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This educator is bringing Clemente High School’s library back to life

A white woman with curly hair smiles at the camera.

Andie Townhouse is a school librarian at Roberto Clemente Community Academy on Chicago’s West Side.

Courtesy of Andie Townhouse

Andie Townhouse arrived at Roberto Clemente Community Academy on Chicago’s West Side to find dusty shelves and a woefully outdated collection in the school’s library. 

Before it enlisted Townhouse, the school hadn’t staffed a librarian in more than a decade. 

She set out to update the library’s checkout system and its offerings – heavy on Scientology and eating disorders, light on engaging fiction. But she also tackled a complete rethinking of the space for the post-pandemic era, adding 3D printers, yoga classes, a knitting circle, tutoring, and an herb-growing wellness corner — a gathering place where students can set the agenda, connect with each other, and discover more about themselves.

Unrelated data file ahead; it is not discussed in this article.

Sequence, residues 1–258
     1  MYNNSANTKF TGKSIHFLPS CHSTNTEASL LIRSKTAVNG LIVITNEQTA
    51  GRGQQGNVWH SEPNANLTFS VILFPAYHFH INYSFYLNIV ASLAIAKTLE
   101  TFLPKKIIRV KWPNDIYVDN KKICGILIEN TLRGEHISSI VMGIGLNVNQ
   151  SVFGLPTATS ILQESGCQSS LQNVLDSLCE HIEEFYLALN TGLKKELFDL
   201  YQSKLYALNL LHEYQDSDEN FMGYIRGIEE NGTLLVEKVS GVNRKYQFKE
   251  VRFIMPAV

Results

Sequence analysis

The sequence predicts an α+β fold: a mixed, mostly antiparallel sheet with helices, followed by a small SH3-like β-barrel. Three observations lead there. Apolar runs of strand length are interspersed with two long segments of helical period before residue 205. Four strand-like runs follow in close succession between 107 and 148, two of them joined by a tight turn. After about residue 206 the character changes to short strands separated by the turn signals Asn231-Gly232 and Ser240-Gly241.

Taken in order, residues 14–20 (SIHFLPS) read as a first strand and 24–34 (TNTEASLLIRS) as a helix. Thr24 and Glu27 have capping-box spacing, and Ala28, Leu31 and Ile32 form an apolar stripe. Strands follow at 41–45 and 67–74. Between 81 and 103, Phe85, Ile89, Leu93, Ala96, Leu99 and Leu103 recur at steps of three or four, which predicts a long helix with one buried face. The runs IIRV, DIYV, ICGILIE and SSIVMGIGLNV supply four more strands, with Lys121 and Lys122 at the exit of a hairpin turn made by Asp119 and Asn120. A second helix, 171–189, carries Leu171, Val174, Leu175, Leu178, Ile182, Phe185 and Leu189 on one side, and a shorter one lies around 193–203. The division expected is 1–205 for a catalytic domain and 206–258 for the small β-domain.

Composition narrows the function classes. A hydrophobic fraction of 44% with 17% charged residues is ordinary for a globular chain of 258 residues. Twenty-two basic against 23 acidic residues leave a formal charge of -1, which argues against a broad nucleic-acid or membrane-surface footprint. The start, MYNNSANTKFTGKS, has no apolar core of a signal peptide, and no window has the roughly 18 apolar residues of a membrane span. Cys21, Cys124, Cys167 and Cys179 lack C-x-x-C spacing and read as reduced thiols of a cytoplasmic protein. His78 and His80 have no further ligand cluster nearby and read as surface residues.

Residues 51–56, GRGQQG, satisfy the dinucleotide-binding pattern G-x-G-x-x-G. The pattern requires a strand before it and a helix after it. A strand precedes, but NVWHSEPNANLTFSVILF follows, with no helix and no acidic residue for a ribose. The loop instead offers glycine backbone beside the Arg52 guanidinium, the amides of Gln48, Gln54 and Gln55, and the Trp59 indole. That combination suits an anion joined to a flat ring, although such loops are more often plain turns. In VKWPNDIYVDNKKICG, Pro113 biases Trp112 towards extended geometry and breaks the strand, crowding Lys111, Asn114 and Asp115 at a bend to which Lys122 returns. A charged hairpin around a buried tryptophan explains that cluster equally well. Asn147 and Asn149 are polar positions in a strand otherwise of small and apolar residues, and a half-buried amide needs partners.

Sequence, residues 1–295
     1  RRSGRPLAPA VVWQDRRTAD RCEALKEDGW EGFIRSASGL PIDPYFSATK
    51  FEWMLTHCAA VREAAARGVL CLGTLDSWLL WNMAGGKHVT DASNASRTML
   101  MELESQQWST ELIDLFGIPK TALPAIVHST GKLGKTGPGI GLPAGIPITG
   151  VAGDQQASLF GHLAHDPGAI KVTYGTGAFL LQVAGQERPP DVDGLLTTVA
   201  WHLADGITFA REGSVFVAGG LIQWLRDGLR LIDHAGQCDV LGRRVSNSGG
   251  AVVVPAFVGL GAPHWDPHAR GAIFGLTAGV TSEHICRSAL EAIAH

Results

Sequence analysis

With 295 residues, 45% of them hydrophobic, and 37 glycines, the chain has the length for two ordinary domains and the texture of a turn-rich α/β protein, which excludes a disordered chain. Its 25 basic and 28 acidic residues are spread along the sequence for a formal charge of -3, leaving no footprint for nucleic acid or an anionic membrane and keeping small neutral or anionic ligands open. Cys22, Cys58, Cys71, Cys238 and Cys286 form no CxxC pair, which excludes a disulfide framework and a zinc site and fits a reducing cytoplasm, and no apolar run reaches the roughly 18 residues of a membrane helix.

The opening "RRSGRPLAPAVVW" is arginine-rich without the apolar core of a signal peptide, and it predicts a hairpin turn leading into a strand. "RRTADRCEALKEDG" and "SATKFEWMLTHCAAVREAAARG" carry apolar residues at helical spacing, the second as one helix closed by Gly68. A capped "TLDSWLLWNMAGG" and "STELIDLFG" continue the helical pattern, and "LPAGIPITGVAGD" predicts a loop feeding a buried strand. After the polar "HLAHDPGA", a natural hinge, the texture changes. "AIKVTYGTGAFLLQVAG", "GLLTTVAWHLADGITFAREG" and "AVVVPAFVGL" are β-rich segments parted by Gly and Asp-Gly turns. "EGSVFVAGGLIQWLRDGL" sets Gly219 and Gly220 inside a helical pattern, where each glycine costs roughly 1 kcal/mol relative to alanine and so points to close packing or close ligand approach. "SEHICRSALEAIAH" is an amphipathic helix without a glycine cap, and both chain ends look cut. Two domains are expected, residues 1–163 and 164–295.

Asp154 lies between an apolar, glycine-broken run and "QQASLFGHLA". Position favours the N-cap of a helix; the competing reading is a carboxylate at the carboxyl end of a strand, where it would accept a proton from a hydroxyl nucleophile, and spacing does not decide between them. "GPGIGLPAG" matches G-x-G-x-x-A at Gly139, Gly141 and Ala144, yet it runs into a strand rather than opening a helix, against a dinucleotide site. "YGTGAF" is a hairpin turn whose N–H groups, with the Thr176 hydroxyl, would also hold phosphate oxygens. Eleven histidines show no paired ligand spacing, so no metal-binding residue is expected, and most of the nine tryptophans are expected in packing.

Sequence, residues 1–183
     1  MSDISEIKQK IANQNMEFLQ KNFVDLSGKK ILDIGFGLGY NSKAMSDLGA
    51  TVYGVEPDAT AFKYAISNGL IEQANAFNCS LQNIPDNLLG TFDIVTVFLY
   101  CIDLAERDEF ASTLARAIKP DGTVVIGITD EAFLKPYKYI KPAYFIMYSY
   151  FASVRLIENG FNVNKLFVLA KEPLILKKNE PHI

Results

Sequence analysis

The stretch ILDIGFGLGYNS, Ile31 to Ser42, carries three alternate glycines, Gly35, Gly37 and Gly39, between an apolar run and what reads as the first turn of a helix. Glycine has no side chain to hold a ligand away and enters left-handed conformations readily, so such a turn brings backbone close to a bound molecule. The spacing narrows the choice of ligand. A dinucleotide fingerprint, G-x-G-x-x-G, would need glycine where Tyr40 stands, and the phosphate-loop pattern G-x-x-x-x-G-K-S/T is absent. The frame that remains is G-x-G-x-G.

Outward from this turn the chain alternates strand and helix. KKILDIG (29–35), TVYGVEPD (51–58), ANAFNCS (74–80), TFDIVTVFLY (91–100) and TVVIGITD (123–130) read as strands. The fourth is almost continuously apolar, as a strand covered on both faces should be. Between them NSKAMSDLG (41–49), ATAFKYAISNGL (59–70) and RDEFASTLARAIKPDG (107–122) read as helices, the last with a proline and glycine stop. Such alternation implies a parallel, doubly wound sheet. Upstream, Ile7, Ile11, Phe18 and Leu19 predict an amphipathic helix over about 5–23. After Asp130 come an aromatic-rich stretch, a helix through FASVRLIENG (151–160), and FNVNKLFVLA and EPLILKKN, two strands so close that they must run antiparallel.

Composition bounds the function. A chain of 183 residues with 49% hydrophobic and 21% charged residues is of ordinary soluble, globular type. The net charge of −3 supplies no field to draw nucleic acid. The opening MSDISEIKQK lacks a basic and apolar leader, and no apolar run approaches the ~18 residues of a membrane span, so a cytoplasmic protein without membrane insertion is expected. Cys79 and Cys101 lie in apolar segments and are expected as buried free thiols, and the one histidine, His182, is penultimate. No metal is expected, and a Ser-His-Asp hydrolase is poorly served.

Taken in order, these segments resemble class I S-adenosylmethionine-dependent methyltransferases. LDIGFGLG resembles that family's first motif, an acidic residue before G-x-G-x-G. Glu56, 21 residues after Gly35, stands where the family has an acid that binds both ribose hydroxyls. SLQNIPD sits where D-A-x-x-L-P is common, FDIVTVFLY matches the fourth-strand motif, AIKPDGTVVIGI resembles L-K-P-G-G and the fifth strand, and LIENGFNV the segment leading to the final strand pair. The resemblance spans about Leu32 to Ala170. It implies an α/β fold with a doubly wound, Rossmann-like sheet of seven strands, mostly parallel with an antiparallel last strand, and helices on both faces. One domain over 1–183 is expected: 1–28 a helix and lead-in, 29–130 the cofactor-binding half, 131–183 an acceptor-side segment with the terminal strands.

Townhouse is an impassioned advocate for school libraries at a time when Chicago and districts across the country are cutting back. School librarians have become something of an endangered species over the past decade. The layoffs of a couple of Chicago Public Schools librarians made headlines this past spring

Chalkbeat spoke with Townhouse about her work to reimagine Clemente’s library, the response from her students, and the role of school librarians in pandemic recovery.

What drew you to a career as a school librarian?

I am drawn to the ways in which librarians are relationship architects. I love collaborating with my colleagues, community stakeholders, sports teams, local authors, businesses, museums, as well as any other organization that wants to show up for our kids.